After the LTTE was defeated and the Tamil Eelam demand lost its vigour, the concepts of ‘Thaayagam’ (homeland), ‘Suyanirnayam’ (self-determination) and ‘Thaesiyam’ (nationhood) became the new mantras of contemporary Tamil nationalism. Anyone opposing these three concepts was a traitor.
The absurd logic followed in this traitorisation exercise could be viewed as farcical but for the fact that it gradually assumed a drastic form. When people got killed as traitors, it was no longer a comical exercise. It became tragic. The tragedy in Tamil politics is that this process of traitorisation has led to large-scale killings of politicians, government officials, Police and defence personnel and media personalities as traitors by contending political groups.
Cream of Tamil society destroyed by LTTE as traitors
Almost all Tamil political groups and organisations have engaged in traitorisation but the lion’s share in physically exterminating people as traitors goes to the Tigers. It is a sad fact that the cream of Tamil society was destroyed extensively as traitors by the Liberation Tigers of Tamil Eelam (LTTE). Members of the Tamil political elite killed by the Tigers outnumber those killed by the Sri Lankan or Indian armed forces.
Apart from the moral question as to what right anyone has to dub someone a traitor and kill him or her, there is also the terrible fact that most of those killed as traitors did not fit that description at all. They were mostly people holding different political views from those opposing them. In many instances those projected as traitors were seen as impediments to the progress of others in political terms. Politicians would promise the moon and get votes. They would then give excuses for their inability to deliver by blaming opponents as traitors. It is because of these traitors that we are unable to reach the Promised Land was the lament.
Tamil nationalist politics has failed politically
What is of importance here is to note that Tamil nationalist politics has not succeeded so far in achieving any of their objectives independently. Be it the Tamil Congress, the ITAK, the TULF or the TNA, on the one hand and the Tamil militant groups including the LTTE on the other; they have all failed so far. The solitary gain has been the 13th Constitutional Amendment brought about by the Indo-Lanka Agreement. This would not have been possible without India.
Despite this failure on the political front, Tamil nationalist parties and organisations have continued to reign supreme. A key device in this near monopolistic control of the Tamil polity by Tamil nationalist politics has been the usage of the traitorisation practice. The failure to deliver has been explained away by the excuse of traitorisation. The political stupidity of setting unrealistic unachievable goals is not accepted, instead, the fault is attributed to traitors in our midst. Tamils are told that the fault lies not in ourselves but in our traitors!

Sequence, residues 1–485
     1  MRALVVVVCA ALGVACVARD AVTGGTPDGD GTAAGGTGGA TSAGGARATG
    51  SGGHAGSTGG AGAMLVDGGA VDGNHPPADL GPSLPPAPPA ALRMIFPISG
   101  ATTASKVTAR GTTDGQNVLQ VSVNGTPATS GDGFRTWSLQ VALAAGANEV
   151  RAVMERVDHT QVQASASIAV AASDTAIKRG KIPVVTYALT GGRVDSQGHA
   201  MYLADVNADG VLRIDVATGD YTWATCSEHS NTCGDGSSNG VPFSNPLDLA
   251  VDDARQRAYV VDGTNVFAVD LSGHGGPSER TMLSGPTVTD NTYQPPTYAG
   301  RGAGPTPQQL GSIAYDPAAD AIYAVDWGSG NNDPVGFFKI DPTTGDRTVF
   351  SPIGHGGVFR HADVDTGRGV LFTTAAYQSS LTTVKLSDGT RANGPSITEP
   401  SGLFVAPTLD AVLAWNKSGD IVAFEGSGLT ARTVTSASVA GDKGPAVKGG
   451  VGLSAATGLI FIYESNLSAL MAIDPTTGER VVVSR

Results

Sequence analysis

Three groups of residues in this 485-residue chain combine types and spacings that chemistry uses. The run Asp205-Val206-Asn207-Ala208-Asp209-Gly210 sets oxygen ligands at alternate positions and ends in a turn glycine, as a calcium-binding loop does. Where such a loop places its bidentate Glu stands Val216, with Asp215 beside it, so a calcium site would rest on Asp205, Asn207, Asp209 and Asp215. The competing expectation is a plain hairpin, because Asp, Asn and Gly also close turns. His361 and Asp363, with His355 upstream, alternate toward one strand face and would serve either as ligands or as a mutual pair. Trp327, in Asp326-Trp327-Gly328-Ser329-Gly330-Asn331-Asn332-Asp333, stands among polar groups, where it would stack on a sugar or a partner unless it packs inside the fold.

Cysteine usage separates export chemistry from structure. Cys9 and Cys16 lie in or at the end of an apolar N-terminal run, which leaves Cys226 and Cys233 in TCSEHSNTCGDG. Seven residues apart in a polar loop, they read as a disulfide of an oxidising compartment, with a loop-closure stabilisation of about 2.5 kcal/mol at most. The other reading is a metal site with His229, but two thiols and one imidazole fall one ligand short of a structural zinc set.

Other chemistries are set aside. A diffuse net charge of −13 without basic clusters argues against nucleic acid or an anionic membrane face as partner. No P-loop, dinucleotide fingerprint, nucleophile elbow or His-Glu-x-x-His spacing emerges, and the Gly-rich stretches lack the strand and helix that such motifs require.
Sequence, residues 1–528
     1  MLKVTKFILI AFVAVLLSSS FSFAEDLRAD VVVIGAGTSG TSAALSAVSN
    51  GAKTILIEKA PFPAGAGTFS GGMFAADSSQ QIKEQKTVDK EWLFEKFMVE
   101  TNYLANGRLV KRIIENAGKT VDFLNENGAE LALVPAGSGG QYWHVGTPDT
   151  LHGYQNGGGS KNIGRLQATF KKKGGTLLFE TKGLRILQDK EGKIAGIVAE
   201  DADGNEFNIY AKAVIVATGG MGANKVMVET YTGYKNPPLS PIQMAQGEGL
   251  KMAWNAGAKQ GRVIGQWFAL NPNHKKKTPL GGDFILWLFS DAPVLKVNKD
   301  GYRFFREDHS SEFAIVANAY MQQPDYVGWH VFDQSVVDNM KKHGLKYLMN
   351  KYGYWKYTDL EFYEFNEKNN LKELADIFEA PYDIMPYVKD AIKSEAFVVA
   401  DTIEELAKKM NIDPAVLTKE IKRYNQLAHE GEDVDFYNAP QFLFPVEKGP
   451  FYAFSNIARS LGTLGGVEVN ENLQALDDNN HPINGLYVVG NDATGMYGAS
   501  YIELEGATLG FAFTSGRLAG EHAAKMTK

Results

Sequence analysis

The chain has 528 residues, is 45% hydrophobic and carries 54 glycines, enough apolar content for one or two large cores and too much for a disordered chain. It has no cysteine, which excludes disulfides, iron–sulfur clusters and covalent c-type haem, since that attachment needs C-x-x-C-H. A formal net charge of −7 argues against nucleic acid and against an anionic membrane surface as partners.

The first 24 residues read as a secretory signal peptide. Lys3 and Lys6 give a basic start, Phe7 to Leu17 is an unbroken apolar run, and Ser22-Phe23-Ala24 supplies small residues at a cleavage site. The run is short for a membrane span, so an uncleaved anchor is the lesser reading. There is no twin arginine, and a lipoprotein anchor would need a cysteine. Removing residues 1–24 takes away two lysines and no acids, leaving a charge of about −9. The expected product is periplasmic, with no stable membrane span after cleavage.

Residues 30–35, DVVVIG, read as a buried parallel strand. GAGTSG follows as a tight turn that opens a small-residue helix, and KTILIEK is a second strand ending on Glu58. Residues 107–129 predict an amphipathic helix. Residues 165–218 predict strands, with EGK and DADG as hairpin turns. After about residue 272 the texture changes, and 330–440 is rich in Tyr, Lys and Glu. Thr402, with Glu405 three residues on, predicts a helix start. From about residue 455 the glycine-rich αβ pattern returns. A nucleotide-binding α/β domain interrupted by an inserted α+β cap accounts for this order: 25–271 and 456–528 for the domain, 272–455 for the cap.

There was also a tendency to view mythology and history in a convoluted form. Signs of real or imaginary betrayals were portrayed as the causes for the downfall of those depicted as ‘heroes’ in mythology and history. Ravana the demon king of Lanka who abducted Sita was defeated by her husband Rama, an avatar of Lord Vishnu. The Dravidian ideologues however attribute treachery as the cause because Ravana’s brother Vibheeshana crossed over to Rama’s side.
The feudal ‘Paanchaalankurichi’ chieftain (Polygar) Veera Paandiya Kattabomman defied the British and was vanquished by superior firepower. In popular parlance Kattabomman lost only because another Polygar Ettappa Nayakkar of Ettayapuram joined forces with the British. Betrayals by traitors is assumed as cause of defeat. Thus Ravanan had his Vibeeshanan and Kattabomman his Ettappan in mythology and history. In contemporary Sri Lankan Tamil politics, the list of falsely-accused ‘traitors’ from Mahadeva to Sumanthiran is long and open-ended.
Phenomenon of traitorisation a Tamil tragedy
When the phenomenon of traitorisation began people were not assassinated. They were only character assassinated as traitors. But the rise of armed Tamil militancy in the ’70s of the last century brought about a sea of changes where politicians, officials, civilians and militants got killed as traitors. Mercifully this practice of killing traitors came to an end after the LTTE was militarily defeated and destroyed in the island in May 2009. The traitorisation process, however, remained, but lost much of its potency without the LTTE.
Nevertheless, traitorisation keeps on rearing its ugly head again in the present and has the potential to become a serious issue in the future too. The recurring phenomenon of traitorisation is a Tamil tragedy for which others cannot be blamed. There is an urgent need for serious introspection. The Tamil people must address this issue that has destroyed the community in the past and could do so in the future too.
(D.B.S. Jeyaraj can be reached at firstname.lastname@example.org.)